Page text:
Can games [help to] “save the world”? Insofar as any one thing, sure, I suppose they could get their hand in there. Some smart people sure are trying. But I’m pretty sure that neither gamification - even that ostensibly designed to, um, make me “better” – nor the current incarnation of quote-unquote social games are going to save the world.  As far as I’m concerned, in fact, the former is actively doing it harm.

Why wouldn’t that make me angry?

0
 

Mark Nelson’s Soviet Gamification

This is super.

The whole essay is fantastic, but I want to take a second to point out something of an aside of Mr. Nelson’s:

“…perhaps we could also read from the large body of research in areas like cognitive behavioral therapy, which includes a lot of thinking on quite relevant questions, such as how to use extrinsic interventions in a way that guides a user towards intrinsic motivation, rather than making them dependent on Skinner-box-like motivational approaches”

I find this very relevant. In short form, Cognitive Behavioral Therapy (CBT) is open, versus the closed “Skinner box” system.

Skinner somewhat famously treated the brain and mind as a “black box,” claiming that we could not speculate about what goes on in there, merely measure inputs and outputs.  (Later, after he had a stroke, he regretted this line of thinking.) He almost single-handedly disrupted a productive era of psychology and ethology – as well as many associated fields, such as linguistics – and delayed quite a bit of research for, in some cases, decades.

It’s a very simple-minded approach to human behavior – that we are what we eat, so to speak – and nothing more.  Reward the desired behavior and that behavior shall be effectively encouraged until it is normalized.  To some extent we all operate like this – we do respond to rewards and punishments, certainly.  But mere rewards and punishments do not comprise either life or behavior.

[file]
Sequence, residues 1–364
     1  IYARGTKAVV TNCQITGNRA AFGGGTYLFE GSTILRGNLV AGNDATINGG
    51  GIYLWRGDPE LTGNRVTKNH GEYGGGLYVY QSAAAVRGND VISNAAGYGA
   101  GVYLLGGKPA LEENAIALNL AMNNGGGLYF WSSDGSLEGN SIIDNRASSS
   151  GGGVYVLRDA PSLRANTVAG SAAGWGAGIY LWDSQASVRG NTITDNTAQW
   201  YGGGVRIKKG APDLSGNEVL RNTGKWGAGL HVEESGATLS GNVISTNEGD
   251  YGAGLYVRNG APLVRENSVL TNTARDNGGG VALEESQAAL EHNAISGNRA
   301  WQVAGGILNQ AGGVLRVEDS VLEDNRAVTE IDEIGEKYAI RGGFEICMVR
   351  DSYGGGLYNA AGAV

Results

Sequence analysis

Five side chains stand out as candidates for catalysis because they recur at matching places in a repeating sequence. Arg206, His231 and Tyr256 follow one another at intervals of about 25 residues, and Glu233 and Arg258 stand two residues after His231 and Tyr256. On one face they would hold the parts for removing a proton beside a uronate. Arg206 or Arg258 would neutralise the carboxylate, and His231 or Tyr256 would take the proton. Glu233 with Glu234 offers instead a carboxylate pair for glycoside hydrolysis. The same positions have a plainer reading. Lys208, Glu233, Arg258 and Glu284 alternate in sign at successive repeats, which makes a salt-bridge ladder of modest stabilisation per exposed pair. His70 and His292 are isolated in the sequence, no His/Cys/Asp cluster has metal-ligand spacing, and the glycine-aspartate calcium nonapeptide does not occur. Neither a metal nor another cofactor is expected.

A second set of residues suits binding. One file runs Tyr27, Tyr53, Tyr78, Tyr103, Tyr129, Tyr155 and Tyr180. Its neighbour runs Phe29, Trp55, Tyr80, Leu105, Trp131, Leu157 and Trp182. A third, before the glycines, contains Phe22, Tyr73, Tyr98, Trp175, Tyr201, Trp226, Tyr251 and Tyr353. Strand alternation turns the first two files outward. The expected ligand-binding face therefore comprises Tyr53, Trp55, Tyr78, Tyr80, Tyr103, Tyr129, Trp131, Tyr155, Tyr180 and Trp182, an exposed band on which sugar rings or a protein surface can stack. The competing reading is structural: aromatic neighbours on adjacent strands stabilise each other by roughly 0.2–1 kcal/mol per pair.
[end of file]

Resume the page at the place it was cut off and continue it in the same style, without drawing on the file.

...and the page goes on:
CBT, on the other hand, is a goal-oriented therapy approach that helps a person understand their behavior and learn ways to change it. It’s much more nuanced and complex than Skinnerian behavioralism.

It also involves the person in the process.

Perhaps it is this that is the most critical factor.  ”Gamification” is something done to one at this point.  Sure, one may participate (one must participate, to be certain), but it is wholly external.  You are not involved in the gamification of your universe.  People want you to do something, and so they dangle carrots in front of that thing.  Some of those carrots are more effective and better thought-out than others, sure, but it is nevertheless a fantastically simplistic version of the user.

It also seems founded on the basic assumption that the user must be tricked into participating in the desired activity.

Employing CBT approaches, however, makes the assumption that the user wants to participate in the activity.  Is this not reasonable?  Oughtn’t we bring the user/player/actual human being, ffs into the fold, and actively involve them in developing the systems that will drive them to fulfill their goals?  Goals that we theoretically share?

Gamification as it stands presently-defined treats people like children – and often worse: like rats who are effectively controlled via shocks and pellets.  It represents an attitude both sinister and egregious; that of superiority.  An attitude of control and further – a belief that that control is warranted and appropriate.

No wonder “gamification” is looked upon with such reproach, such cynicism.

0
 

Skinner-style control (via gamification)

Reading Ian Bogost’s accurate and well-phrased Gamification is Bullshit essay, with which I agree almost completely*, I am struck by the thought that I’m not sure the greatest appeal of the concept is that it is related to games – one doesn’t frequently hear large companies wishing they had some video-game-related idea to apply to their management style (until now.)

I think it might be that it creates the hope for B.F. Skinner-style control – over employees, over customers.